Weird clouds

By Phil Plait | March 5, 2009 3:26 pm

Share photos on twitter with TwitpicIf you follow me on Twitter (and you should, since I post stuff there that is not quite right for stuff here) then you may have seen my picture of a lone lenticular cloud over Boulder the other day. Those are fairly common around here, and fascinating to watch. I love odd clouds, and so I was happy to see a whole bunch of them on a website called Moolf (which I found via Reddit). Some are really incredible. I’ve seen the sky full of mammatus clouds, and it’s truly unearthly.

CATEGORIZED UNDER: Cool stuff, Pretty pictures

Comments (31)

  1. Viewer 3

    “I love odd clouds”

    I thought I’d only hear a statement like that from someone on drugs. …Actually no, that makes sense.

  2. Might I get a plug in for the Cloud Appreciation Society? Google for site.

  3. Terrestrial clouds are so boring. ūüėČ You want odd clouds, look at our gas giants. They is so pretty, but so deadly!

  4. Sarah

    Not boring clouds at all for glider pilots in Denver today.. surfs up!

    Winds aloft:
    9000 12000 18000 24000 30000 34000 39000
    DEN 2522+02 2433-06 2575-20 2592-30 741344 741651 239856

    decoded, thats 75 knots from 250 at 18000, 92 knots at 24000, 113kt@240 at 34000 and 230@98 at 39000

  5. justcorbly

    A long time ago (1974), I was about 10 miles west of Xenia, Ohio when an F5 tornado cut through the center of town. About 30 minutes after the storm hit, most of the sky was covered with clouds I’ve never seen explained. Imagine looking up at the bottoms of dozens and dozens of slightly overlapping saucers, each clearly rotating. I don’t recall any particular colors, but the central and lowest point of each saucer was darker The rest of the sky was a very dark grey, except for a large and bright orange spot to the southeast.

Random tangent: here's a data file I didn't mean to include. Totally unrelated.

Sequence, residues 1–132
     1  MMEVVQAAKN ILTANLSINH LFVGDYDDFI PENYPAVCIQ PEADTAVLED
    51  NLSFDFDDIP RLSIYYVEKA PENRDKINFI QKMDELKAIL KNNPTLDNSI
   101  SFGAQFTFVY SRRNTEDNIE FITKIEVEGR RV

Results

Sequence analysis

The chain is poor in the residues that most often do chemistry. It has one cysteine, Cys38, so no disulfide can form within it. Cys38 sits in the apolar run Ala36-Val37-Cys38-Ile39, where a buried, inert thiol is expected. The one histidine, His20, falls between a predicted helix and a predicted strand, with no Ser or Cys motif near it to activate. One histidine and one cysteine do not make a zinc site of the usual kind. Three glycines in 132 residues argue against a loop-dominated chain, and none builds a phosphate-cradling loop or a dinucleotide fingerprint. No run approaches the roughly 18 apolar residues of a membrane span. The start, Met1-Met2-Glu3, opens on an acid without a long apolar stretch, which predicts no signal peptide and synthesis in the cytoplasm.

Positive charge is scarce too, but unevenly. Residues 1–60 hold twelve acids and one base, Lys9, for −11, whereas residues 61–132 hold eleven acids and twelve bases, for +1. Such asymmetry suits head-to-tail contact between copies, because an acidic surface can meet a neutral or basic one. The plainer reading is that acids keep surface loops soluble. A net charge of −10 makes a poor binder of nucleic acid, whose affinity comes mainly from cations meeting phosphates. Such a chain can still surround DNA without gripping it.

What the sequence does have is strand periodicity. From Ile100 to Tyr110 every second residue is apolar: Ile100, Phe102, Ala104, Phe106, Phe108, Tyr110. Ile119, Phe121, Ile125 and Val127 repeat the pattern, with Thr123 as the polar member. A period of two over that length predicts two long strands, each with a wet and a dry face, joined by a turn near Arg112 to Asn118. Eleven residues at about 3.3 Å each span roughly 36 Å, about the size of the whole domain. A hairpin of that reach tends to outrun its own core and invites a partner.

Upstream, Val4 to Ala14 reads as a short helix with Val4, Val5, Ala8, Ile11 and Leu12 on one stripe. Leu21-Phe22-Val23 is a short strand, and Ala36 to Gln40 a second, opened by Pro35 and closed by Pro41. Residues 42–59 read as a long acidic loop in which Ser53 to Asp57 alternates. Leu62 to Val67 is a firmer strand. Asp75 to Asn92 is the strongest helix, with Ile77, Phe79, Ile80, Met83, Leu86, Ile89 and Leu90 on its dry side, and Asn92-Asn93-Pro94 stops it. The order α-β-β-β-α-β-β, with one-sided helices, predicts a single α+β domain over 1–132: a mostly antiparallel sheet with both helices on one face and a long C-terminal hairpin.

The most frightening and freakiest sky I’ve ever seen.

  6. Helioprogenus

    There is something truly unsettling about mammatus clouds. I’ve never quite been able to put my finger on it, but their appearance is so foreboding. Meteorology dictates that their harbingers of bad weather, thunderstorms, etc. But beyond just the knowledge of that, the sheer experience of viewing them is of some kind of inherent discontent. It goes beyond the generalized malaise one feels when it’s overcast and dark.

  7. @justcorbly: I believe what you were seeing was the back end of the supercell that produced the tornado. They often have that sort of layer-cake, or “flying saucer” appearance.

    Here’s a very good example:

  8. @ justcorbly:

    They’re called “mammatus” and are the result of massive amounts of water being carried aloft in the supercell. The darker bottoms of the “saucers” are where the water droplets are densest, and hence dropping fastest and blocking the most light.

    They’re pretty cool, but yeah…a little freaky.

  9. Oops, sorry Helio…missed your post. Brainiac.

  10. With respect to the link:

    I always hear Kelvin-Helmholz clouds described as “rare”, but I’ve seen quite a few of them.

    I watched a Roll cloud once do its thing as I was driving to work. I kept thinking it was a soliton wave slicing across the sky. I’m not sure it wasn’t.

    I may have seen a Shelf cloud once. But I’m pretty sure if I ever saw anything like the one on the linked site, I would start whimpering while I dug a hole to hide in.

  11. justcorbly

    @drksky & @kuhniget:

    The clouds I remember bear a resemblance to mammatus, but each “saucer” was distinctly smaller than the images posted here (and elsewhere that I’ve seen).

    I don’t recall a layer cake effect, just looking at the bottom of a bunch of overlapping clouds. I also distinctly recall rotation in each cloud, but I’ll admit it’s been some time. Is rotation — real or apparent — associated with mammatus clouds?